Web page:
FRESNO, Calif. (AP) — knew he should not attempt the last treacherous stretch up with storm clouds looming. But he felt he had come too far not to accomplish his goal.Loss aversion. Not wanting to accept a loss after already sunken costs have accumulated - not willing to accept anything less than being able to go back and tell friends that you succeeded. http://en.wikipedia.org/wiki/Sunk_costs#Loss_aversion_and_the_sunk_cost_fallacy
"I've come this far, I may as well finish the job." Kind of like how we kept throwing soldiers and equipment and bombs at Vietnam (not that all kinds of issues with that war could conceivably have been surmounted and enabled a relatively clear US "victory") for a long time, unwilling to cut our losses and get out of the conflict. See http://en.wikipedia.org/wiki/Escalation_of_commitment
For background on Yosemite and accidents there see http://reasonablydoubtingnews.blogspot.com/2011/08/woman-dies-in-600ft-fall-in-yosemite.html
Why do stupid people overestimate their abilities? Because they're not smart enough to realize they're making bad decisions. See http://en.wikipedia.org/wiki/Dunning%E2%80%93Kruger_effect
"About three-quarters of the way up it started hailing," he said. "There's a bunch of people and everybody just stops. Some women started crying because it was slippery and pretty scary. Then it cleared up."While others turned back, Castillo pushed on up the park's iconic feature, making him one of Yosemite National Park's worst nightmares— the increasing number of wilderness neophytes who mistakenly think the government is obligated to save them."People are pushing their luck, trying to beat the weather, and their backup plan is to call for a rescue," said Mark Marschall, project manager for the Half Dome interim permit program. "They're not understanding what that means. We can't fly in that kind of weather. They're on their own."
Some callers tell the dispatcher they want to use their platinum credit card for the free helicopter ride some companies guarantee in an emergency. Park officials don't charge for rescues — nearly 1,000 rescues cost more than $2.5 million between 2007 and 2010 — but neither do they fly in dangerous weather.Castillo, with six hours of hiking behind him, made a poor choice.The salsa dancer from Hayward, Calif., soon found himself trapped at the 8,842-foot summit in a freezing thunderstorm. Soaked and shivering, he huddled under a rock with four other terrified hikers. Then he called 911, thinking he was going to die.I'm wet and I'm shivering and I'm really cold right now, Castillo pleaded to dispatchers.A sign at the bottom of the cables warns hikers not to attempt Half Dome if weather threatens — and rangers try to issue verbal warnings.But 20 people have died on Half Dome over the decades, nearly all with rain as a factor, officials say. One of the two to perish this year was a Bay Area woman who slipped in a July storm and fell 800 feet. (A total of 13 died in park mishaps this year, the most in decades — including three swept over a raging waterfall on the trail to Half Dome.)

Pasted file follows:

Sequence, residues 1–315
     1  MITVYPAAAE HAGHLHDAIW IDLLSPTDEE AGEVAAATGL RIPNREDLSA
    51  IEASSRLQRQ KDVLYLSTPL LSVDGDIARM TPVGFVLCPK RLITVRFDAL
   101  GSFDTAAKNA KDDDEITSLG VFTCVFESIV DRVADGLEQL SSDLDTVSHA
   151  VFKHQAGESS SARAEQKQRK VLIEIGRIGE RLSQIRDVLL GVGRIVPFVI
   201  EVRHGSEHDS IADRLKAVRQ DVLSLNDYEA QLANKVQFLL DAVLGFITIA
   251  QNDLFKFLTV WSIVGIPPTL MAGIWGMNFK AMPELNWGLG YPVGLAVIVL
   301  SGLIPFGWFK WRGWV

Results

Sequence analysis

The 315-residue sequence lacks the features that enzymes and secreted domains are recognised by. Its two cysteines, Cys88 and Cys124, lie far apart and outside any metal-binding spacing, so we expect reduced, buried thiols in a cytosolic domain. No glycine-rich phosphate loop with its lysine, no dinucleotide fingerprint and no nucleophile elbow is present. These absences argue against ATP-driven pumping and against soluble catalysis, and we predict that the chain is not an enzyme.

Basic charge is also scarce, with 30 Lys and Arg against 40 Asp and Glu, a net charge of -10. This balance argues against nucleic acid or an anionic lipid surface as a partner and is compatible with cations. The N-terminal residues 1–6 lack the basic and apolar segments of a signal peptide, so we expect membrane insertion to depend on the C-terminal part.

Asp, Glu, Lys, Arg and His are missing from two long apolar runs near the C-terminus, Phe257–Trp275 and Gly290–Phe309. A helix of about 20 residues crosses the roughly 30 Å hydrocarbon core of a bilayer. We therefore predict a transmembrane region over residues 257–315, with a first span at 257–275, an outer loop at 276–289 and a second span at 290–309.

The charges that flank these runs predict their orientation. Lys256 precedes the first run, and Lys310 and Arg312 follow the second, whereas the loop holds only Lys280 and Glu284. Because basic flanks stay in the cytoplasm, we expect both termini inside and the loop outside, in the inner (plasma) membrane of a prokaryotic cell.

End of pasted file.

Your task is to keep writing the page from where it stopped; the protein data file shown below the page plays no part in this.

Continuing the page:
The day after Castillo called for help, a group of 20 hikers called 911, not understanding that the very rain storm threatening their lives would also endanger a ranger.
"We have to decide 'Can we really expose rescuers to the risk that is present?'" Marschall said. "Can we commit a helicopter in the middle of a rainstorm with the potential of lightning? The answer is typically no."So what's the solution? More signs? Maybe. Make sure people become aware that people JUST. LIKE. YOU. ...have died in the very spot that you're getting ready to go up. A tally of "killed" and injured, maybe.
I'd rather not have my taxpayer's money go toward rescuing people who are stupid enough to go climb a mountain in bad weather. But that's just me.
Or you could just let people die, and cut back on rescue services. Make people sign a release of liability when you enter the park. But that's kind of cold-hearted. Emergencies and accidents do happen to people who take all the precautions and follow the rules and aren't dumb enough to get themselves voluntarily in a really bad spot. So keep the rescue services, publicize how much money it costs and maybe start trying to recuperate some of that cash. Or put a private pay-for-rescue insurance company into the mix.
Question: Do you really want your money to be used to rescue people who decide to walk up very dangerous terrain in bad weather?